This page is a text version of the Forest to Field History Book. You can purchase a PDF copy of the book in our online store. The PDF copy is an exact page by page representation of the original book. This text version has been reformated for the web and contains text recognition mistakes. These mistakes do not appear in the purchased version. The purchased version also includes each image in the original book.

Page Index of Forest to Field Volume One

Previous - Page 609 or Next - Page 611

Mediterranean. He chose instead to remain in Erickson as a country doctor, available to all who needed him regardless of weather, day or night, motivated by his concern for his fellowmen. In 1935-36, he was granted a Rockefeller Scholarship by the Hon. John Bracken, Premier of Manitoba, to study at the University of Toronto's School of Hygiene, receiving a diploma in public health. He felt privileged to study under Drs. Frederick Banting and Charles Best, co-discoverers of insulin for treating diabetes.

From 1927 to 1948 he was Conservative Member of the Manitoba Legislative Assembly for the Minnedosa Riding. He served on many government committees, principally those concerned with municipal affairs and public health and welfare. He successfully introduced a resolution requesting the federal government to establish a National Park at Riding Mountain. The development of the park provided much needed employment for many men during the depression years and a great deal of supplies came from his constituency. Municipal lists were consulted as to priority in granting work. Need was the password for a job. He also served as their doctor from 1930 to 1936. He worked with the Hon. W.R. Clubb to get provincial and federal relief grant money to build a highway from Minnedosa to Clear Lake. This gravel relief road was the foundation for the present No. 10 Highway. He also helped obtain a grant for relief work on highway No. 45 west of Erickson to Russell.

He was chairman of all Red Cross branches in his constituency and during the war years was president of the Erickson and district branch. At this time, he also served as doctor for the German prisoners of war camp at Lake Audy and for the "conscientious objectors" at Wasagaming. It took a lot of co-operation to conduct a practice under a municipal doctor system.

Of his busy and varied life the doctor wrote of the experiences which were most meaningful, the highlights. First mentioned was the thrill of again setting foot on Canadian soil after serving overseas in the First World War. At one time he had been voted the best third baseman in France! In 1936 he was given a certificate of thanks and a silver tea service from the Erickson district and the unemployed at Riding Mountain National Park for "my kindness to them." The tea service was bought by five and ten cent donations. "Needless to say, this is one of my most treasured possessions." More recognition when leaving and being presented to their Majesties, King George VI, and Queen Elizabeth in 1939 in Winnipeg, were also memorable events. But most of all he seemed to recall the everyday events that brought relief to his patients and the gratitude from them. When he left Erickson he became medical director of the Kildonan-St. Paul Health Unit from 1948 to 1962 when he retired. He then was resident doctor at Grand Beach during the tourist season for a time.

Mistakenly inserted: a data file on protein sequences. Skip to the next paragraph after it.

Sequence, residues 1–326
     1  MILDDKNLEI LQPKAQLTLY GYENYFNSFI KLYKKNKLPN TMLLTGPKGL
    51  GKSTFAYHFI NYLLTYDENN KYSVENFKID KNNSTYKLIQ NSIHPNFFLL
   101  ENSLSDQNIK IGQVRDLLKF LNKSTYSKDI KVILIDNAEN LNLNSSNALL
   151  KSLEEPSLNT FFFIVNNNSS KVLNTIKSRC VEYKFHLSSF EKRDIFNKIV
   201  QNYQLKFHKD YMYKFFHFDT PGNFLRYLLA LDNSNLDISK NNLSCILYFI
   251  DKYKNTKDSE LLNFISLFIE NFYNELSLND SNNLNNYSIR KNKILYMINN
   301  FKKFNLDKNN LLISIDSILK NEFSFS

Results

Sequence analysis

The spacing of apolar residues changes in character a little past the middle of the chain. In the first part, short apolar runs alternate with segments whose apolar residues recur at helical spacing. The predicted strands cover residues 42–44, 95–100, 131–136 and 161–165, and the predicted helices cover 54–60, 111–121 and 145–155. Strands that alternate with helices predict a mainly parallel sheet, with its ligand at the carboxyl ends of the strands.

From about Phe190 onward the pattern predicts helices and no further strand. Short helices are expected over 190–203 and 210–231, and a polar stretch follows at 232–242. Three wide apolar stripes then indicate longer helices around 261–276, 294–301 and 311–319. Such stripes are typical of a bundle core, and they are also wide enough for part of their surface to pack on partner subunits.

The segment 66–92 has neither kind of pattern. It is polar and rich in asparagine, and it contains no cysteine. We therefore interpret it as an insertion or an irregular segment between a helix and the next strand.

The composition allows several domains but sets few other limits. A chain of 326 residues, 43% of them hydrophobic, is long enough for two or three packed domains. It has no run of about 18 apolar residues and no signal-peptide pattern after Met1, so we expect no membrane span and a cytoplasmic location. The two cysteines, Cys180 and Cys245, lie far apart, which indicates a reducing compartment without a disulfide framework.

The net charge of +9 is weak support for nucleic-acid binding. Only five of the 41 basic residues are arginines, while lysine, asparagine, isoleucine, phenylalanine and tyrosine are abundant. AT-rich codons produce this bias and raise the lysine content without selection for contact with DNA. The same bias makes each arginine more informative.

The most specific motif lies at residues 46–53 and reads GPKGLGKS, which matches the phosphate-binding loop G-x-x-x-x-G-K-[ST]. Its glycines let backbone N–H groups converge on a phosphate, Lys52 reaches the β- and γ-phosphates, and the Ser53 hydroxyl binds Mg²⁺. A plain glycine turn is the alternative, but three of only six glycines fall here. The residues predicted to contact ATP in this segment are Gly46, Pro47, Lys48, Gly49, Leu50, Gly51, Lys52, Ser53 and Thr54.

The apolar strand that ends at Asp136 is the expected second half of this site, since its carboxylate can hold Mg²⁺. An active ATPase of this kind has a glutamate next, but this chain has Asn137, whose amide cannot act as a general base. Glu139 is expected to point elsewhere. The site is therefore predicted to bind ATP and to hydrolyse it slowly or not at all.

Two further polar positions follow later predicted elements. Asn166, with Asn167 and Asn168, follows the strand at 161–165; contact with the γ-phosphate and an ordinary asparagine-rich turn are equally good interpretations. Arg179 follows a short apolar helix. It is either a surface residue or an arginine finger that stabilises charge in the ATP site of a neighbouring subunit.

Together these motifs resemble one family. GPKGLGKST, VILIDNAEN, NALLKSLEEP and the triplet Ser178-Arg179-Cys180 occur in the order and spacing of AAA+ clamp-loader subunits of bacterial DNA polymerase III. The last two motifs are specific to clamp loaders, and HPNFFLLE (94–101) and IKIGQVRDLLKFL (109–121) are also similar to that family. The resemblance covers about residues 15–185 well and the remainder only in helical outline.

His son, Robert Earl, lives in Jacksonville, Florida where he is district manager in Florida and Georgia for General Foods. Two grandsons, Ronnie and Garry, reside in Florida and a third grandson, Frederick, (B.A. L.L.B.) lives in Selkirk, Manitoba. There is one great­ granddaughter.

Gladys Rutledge passed away in 1954 and the doctor

610

Dr. Earl and Ada Rut/edge.

later married Ada Zatylny of Rackham, Manitoba.

In November, 1946, when Dr. Rutledge resigned as Municipal doctor, at a farewell party of five hundred people, he was again given a certificate of thanks which read: "To Dr. E.J. Rutledge - presented by the Erickson Community as a token of your good work," and a cash donation of twenty-five hundred dollars to buy a new car. He said that his thank you speech was the most difficult one he had ever made - "My eyes were moist, also many others." On behalf of the Rackham School District, Father Gregory presented him with a lovely pen and pencil set. Private gifts were also given.

As a local centennial project in Erickson, a plaque was unveiled at the Medical Nursing Unit honouring the doctor. This ceremony took place on April 13, 1968 and was again an emotional experience for him. The plaque reads "Dr. E.J. Rutledge, first municipal doctor in Manitoba, 1922-1946 -- Member of the Legislative Assembly for Minnedosa Riding - 1927-1948." At the unveiling ceremonies Mayor Ed Turner remarked "As long as there is a place called Erickson, the name of Dr. Earl Rutledge will never be forgotten."

Dr. Rutledge died in Winnipeg in 1975. His wife continues to reside there.

SAFRONIUK, MICHAEL AND ANNIE

by Wm. Safroniuk

Mike was born in 1884, in Western Ukraine. He came to Canada in 1902 and worked first in a twine factory in Montreal and then on the railway for a year. After this he came to Mountain Road where he was really happy because he was among people who spoke his language and there were several families who had come from his native village. Besides, there was a Greek Catholic church